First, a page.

Looking ahead for 2020 and 2030 decades: Boeing

Subscription Required Second in a series. By Scott Hamilton and Vincent Valery
Introduction
June 24, 2020, © Leeham News: “Airbus’ widebody strategy is a mess.” This is what Kostya Zolotusky, then a VP with Boeing Capital Corp., said a few years ago on the sidelines of a major aerospace conference. Today, it may be going too far to say there is increasing opinion in the industry that Boeing’s product strategy is a mess. But it’s fair to say it’s seriously challenged. Even setting aside the 737 MAX grounding, Airbus clearly outpaced the MAX with the A320neo family. The A321LR and XLR thrust Airbus into dominance in the single-aisle, 150-220 seat sector. Airbus fell into a winner with the acquisition of the Bombardier C Series. Boeing’s 737-7 MAX has captured fewer than 100 orders since the program launch in 2011. Demand for the 777X is weak. Boeing critics, and there are many, see little but doom and gloom ahead. Even before the COVID-19 crisis, Boeing faced years of recovery from the MAX grounding. There’s no doubt Boeing has a deep hole to climb out of, exacerbated by the COVID crisis. The question is, what does Boeing do after the MAX is returned to service and the virus crisis is over?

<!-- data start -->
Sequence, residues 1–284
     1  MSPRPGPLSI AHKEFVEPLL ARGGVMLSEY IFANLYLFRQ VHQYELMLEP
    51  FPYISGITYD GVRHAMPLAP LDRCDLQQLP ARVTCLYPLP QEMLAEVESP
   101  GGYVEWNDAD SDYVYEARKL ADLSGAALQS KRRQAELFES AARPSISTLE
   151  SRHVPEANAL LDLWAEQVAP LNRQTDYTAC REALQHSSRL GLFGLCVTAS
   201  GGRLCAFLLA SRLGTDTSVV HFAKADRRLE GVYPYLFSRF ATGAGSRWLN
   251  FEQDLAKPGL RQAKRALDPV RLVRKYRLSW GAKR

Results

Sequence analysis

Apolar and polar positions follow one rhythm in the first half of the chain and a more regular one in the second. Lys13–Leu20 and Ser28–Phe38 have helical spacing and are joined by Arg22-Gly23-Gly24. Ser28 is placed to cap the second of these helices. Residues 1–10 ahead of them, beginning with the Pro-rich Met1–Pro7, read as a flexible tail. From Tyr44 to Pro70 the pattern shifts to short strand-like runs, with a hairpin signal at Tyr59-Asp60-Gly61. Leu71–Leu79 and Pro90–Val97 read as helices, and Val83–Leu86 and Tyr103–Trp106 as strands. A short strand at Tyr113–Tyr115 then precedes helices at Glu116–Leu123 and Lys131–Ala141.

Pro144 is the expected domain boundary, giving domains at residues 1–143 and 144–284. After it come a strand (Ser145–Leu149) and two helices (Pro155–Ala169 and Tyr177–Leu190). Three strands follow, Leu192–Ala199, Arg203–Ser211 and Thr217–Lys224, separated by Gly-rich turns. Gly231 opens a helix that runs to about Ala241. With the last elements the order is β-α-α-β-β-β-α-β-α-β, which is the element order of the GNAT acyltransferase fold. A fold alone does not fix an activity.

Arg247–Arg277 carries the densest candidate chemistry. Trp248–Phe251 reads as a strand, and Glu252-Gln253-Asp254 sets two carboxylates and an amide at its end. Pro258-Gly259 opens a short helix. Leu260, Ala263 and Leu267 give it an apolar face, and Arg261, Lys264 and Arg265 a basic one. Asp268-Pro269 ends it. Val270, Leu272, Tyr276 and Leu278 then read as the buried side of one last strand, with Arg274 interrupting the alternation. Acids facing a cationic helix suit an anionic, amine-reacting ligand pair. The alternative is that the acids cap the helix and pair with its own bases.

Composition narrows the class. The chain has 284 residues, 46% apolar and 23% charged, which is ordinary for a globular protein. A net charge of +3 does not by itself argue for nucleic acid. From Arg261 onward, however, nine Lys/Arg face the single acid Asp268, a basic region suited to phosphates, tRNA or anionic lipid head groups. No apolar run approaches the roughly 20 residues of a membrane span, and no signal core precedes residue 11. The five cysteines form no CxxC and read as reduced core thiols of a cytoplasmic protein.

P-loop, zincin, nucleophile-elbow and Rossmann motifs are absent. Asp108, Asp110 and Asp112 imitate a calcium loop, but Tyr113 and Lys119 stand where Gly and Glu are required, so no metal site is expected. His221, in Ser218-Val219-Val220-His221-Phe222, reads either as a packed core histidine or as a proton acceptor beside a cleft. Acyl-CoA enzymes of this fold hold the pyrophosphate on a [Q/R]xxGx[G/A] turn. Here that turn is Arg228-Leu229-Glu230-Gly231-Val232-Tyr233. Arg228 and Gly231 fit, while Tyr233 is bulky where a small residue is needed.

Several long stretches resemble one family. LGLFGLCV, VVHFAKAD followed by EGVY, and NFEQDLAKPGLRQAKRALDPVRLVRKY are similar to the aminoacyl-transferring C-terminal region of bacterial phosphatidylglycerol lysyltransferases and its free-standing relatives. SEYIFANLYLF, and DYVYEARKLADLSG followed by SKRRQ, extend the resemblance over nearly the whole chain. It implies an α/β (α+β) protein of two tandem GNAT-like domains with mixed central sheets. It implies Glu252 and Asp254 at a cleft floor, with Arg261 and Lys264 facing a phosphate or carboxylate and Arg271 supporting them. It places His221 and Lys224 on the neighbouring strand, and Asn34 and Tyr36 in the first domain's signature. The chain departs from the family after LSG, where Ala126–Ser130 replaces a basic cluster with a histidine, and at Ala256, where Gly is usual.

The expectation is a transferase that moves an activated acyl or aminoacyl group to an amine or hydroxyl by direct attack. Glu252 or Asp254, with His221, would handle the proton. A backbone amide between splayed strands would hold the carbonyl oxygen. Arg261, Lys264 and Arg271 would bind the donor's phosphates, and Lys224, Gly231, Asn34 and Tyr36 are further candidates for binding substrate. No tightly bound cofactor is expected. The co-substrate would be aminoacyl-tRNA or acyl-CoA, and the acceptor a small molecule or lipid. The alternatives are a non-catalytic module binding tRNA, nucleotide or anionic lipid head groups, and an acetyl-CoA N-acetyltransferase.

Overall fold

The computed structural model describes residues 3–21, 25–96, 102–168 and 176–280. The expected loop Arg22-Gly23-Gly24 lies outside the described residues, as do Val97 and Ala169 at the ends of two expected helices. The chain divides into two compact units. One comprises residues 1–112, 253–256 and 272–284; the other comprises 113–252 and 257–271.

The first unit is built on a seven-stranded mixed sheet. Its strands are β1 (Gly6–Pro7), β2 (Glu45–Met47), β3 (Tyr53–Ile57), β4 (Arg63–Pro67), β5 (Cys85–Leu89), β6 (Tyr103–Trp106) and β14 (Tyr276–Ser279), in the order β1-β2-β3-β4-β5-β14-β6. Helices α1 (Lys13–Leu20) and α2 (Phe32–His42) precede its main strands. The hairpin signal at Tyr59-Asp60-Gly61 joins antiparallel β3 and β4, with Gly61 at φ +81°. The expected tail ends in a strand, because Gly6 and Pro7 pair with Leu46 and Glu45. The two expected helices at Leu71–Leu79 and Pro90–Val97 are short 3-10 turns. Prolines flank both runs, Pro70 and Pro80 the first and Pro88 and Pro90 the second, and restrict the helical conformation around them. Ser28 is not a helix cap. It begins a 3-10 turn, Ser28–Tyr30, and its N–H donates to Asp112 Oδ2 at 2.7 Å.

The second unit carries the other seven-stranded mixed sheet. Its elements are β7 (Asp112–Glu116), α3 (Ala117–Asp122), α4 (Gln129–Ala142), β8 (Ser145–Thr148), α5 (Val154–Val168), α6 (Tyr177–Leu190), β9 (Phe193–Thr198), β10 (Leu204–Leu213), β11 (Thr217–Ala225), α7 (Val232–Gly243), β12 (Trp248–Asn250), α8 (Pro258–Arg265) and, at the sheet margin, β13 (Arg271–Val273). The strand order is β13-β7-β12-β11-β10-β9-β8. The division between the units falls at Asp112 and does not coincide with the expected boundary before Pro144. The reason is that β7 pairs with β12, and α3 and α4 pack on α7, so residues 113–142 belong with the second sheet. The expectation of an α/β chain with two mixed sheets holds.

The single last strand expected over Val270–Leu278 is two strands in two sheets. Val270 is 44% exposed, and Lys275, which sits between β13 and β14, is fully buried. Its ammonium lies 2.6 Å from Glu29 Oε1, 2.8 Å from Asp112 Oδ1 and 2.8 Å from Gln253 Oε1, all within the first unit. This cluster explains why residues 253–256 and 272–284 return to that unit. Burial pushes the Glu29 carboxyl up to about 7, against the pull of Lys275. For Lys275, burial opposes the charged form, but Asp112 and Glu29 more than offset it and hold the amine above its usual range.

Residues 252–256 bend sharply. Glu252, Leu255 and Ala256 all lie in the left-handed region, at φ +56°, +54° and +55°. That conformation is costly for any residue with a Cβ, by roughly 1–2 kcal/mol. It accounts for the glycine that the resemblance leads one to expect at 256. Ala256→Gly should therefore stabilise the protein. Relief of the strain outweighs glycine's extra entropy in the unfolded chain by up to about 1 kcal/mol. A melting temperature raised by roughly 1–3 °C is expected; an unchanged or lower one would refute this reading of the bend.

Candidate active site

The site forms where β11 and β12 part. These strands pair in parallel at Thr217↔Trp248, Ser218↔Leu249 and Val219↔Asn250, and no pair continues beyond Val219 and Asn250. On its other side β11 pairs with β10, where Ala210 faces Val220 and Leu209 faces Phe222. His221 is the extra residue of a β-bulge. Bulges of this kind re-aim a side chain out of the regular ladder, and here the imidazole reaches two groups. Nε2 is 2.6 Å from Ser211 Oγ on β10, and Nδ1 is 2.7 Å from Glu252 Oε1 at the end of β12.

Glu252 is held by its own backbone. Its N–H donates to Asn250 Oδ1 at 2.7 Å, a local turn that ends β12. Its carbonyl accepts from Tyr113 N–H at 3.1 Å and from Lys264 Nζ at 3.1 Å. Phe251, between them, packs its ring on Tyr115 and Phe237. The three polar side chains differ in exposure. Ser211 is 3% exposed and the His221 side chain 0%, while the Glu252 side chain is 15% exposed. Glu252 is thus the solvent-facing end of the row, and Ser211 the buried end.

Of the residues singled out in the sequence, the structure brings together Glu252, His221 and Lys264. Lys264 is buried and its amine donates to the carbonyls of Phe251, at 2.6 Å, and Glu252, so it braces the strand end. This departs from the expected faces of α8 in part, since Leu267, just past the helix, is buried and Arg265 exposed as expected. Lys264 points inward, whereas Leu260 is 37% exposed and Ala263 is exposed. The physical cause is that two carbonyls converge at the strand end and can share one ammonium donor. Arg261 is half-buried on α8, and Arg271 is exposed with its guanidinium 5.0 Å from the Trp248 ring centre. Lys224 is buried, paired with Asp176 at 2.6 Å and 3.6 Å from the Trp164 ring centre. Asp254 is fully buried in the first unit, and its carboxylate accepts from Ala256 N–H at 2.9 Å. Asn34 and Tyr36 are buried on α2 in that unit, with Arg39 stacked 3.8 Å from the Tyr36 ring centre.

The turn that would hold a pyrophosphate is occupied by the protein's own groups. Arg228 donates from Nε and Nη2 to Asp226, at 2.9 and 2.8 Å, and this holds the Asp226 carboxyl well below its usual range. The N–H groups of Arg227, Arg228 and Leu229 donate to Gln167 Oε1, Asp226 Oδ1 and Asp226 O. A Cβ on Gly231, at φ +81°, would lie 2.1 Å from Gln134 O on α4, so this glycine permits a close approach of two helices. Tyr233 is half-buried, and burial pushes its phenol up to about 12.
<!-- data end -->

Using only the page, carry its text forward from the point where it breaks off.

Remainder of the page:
Summary
  • Airbus is clear leader in single-aisle sector.
  • Boeing’s product strategy for New Midmarket Airplane, Embraer role is over.
  • Former CEO Jim McNerney said, “no more moonshots.” But is this just what Boeing needs to regain its position?

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